## Recurrence Relations for Single and Product Moments of Generalized Order Statistics from Extreme Value Distribution

Hindu College, University of Delhi, Delhi, India2. Standard Extreme Value Distribution

3. Generalized Order Statistics

### Abstract

In this paper, we establish some recurrence relations satisfied by single and product moments of Generalized Order Statistics from Extreme Value Distribution. These recurrence relations are independent of left truncated point and therefore are also applicable for Logistic as well as for half Logistic distributions studied in Balakrishnan (1985) and Saran and Pandey (2012). For a particular case these results verify the corresponding results of Saran and Pandey (2004) and Kumar (2010).

**Keywords:** order statistics, record values, generalized order statistics, single moment, product moments, recurrence relations, extreme value distribution

*American Journal of Applied Mathematics and Statistics*, 2014 2 (2),
pp 77-82.

DOI: 10.12691/ajams-2-2-5

Received January 08, 2014; Revised March 04, 2014; Accepted March 13, 2014

**Copyright:**© 2014 Science and Education Publishing. All Rights Reserved.

### Cite this article:

- Kapoor, Kamal Nain. "Recurrence Relations for Single and Product Moments of Generalized Order Statistics from Extreme Value Distribution."
*American Journal of Applied Mathematics and Statistics*2.2 (2014): 77-82.

- Kapoor, K. N. (2014). Recurrence Relations for Single and Product Moments of Generalized Order Statistics from Extreme Value Distribution.
*American Journal of Applied Mathematics and Statistics*,*2*(2), 77-82.

- Kapoor, Kamal Nain. "Recurrence Relations for Single and Product Moments of Generalized Order Statistics from Extreme Value Distribution."
*American Journal of Applied Mathematics and Statistics*2, no. 2 (2014): 77-82.

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### 1. Introduction

Generalized order statistics (GOS) have been introduced and extensively studied in Kamps (1995 a,b) as a unified theoretical set-up which contains a variety of models of ordered random variables with different interpretations. Examples of such models are: Ordinary order statistics, Sequential order statistics, Progressive type II censored order statistics, Record values, k^{th} record value and Pfeifer’s records. There is no natural interpretation of generalized order statistics in terms of observed random samples but these models can be effectively applied in life testing and reliability analysis, medical and life time data, and models related to software reliability analysis, etc. The common approach makes it possible to define several distributional properties at once. The structural similarities of these models are based on the similarity of their joint density function.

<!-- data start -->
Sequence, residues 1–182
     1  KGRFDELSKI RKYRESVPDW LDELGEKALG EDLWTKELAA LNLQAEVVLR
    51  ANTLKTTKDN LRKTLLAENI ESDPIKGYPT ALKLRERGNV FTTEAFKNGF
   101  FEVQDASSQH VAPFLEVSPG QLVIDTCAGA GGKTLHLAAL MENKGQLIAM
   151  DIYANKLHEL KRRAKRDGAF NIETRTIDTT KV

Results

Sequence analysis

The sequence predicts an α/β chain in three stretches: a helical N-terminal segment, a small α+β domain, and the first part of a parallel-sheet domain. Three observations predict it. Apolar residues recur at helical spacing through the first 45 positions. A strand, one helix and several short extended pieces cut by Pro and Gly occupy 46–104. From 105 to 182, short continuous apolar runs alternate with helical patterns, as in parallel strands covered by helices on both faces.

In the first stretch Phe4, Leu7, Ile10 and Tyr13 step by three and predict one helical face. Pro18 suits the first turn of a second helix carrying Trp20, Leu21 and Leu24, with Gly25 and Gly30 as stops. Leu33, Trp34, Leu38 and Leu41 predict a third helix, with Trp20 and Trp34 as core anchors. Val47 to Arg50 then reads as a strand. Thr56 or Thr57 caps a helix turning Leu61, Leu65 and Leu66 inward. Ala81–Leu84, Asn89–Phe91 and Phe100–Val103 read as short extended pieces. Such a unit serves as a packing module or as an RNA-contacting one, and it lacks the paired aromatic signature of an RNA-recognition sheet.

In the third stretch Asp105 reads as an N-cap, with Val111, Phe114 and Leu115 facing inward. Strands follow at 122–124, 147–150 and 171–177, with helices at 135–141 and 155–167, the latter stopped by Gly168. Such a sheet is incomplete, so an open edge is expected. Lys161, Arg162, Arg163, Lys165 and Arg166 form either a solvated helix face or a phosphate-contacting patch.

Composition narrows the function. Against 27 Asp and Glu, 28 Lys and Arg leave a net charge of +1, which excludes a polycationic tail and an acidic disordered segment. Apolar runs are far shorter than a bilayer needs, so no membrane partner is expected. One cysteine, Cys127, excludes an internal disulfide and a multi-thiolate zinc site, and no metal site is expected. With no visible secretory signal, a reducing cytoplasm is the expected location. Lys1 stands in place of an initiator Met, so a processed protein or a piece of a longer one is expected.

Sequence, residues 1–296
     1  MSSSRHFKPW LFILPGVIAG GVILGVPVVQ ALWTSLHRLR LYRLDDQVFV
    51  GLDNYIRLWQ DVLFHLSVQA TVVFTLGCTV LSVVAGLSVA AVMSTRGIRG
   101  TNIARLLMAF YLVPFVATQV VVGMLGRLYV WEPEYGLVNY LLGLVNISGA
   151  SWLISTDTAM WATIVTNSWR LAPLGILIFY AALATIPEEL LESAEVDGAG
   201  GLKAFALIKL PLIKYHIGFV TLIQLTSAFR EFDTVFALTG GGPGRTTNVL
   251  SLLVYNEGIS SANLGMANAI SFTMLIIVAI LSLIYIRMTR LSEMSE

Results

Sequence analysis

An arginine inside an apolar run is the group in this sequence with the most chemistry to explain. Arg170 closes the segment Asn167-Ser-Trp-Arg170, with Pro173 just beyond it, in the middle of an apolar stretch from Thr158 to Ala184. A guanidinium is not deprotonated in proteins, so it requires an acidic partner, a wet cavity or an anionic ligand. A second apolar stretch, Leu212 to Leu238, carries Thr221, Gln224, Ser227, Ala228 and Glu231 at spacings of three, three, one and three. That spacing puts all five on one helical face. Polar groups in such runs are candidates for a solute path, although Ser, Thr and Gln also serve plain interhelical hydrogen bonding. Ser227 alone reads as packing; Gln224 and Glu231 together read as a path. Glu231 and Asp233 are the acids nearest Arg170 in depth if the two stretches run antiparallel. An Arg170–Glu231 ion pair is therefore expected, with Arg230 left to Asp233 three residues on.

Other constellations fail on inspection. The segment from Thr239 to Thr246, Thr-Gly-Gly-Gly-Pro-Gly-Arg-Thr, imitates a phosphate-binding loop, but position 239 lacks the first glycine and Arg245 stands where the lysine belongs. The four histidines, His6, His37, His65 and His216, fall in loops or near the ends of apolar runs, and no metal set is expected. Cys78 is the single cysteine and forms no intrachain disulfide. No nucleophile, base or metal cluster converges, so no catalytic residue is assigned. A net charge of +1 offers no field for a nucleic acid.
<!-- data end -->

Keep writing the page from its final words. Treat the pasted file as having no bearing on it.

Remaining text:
### 2. Standard Extreme Value Distribution

A random variable X is said to have an standard extreme value distribution if its probability density function is of the form

(2.1) |

and the cumulative distribution is given by

(2.2) |

The extreme value distribution is used in the analysis of data concerning floods, extreme sea level and air pollution problems.

The cumulative distribution function and probability density function of random variable X, respectively, takes the form

(2.3) |

The mathematical form of pdf, as given in (2.3), is very useful to derive the expression for recurrence relations for single and product moments of GOS.

### 3. Generalized Order Statistics

Let be a sequence of absolutely continuous, independent and identically distributed random variables with cdf and pdf f(x). Assume k > 0, , , such that for all . Then , r = 1, 2,…,n, are called GOS if their joint pdf is given by

(3.1) |

where .

By choosing appropriate values of parameters, we get the distribution of a few very common statistics as shown in the table given below.

The joint pdf of first r, GOS is given by:

(3.2) |

where, .

We now consider two cases:

Case I: m_{1}_{ }= m_{2 }= …= m _{n}_{ }_{}_{1 }= m

Case II: .

For case I, the GOS will be denoted by X(r, n, m, k). The pdf of X(r, n, m, k) is given by

(3.3) |

and the joint pdf of X(r, n, m, k) and X(s, n, m, k), 1≤ r < s ≤ n is given by:

(3.4) |

where,

and

(3.5) |

For case II, the pdf of is given by

(3.6) |

Also, the joint pdf of and , 1 ≤r < s ≤ n is given by

(3.7) |

Where, .

Further it can be proved that

(i)

(ii) .

(iii)

(iv)

(v)

(vi)

(3.9) |

(vii)

(3.10) |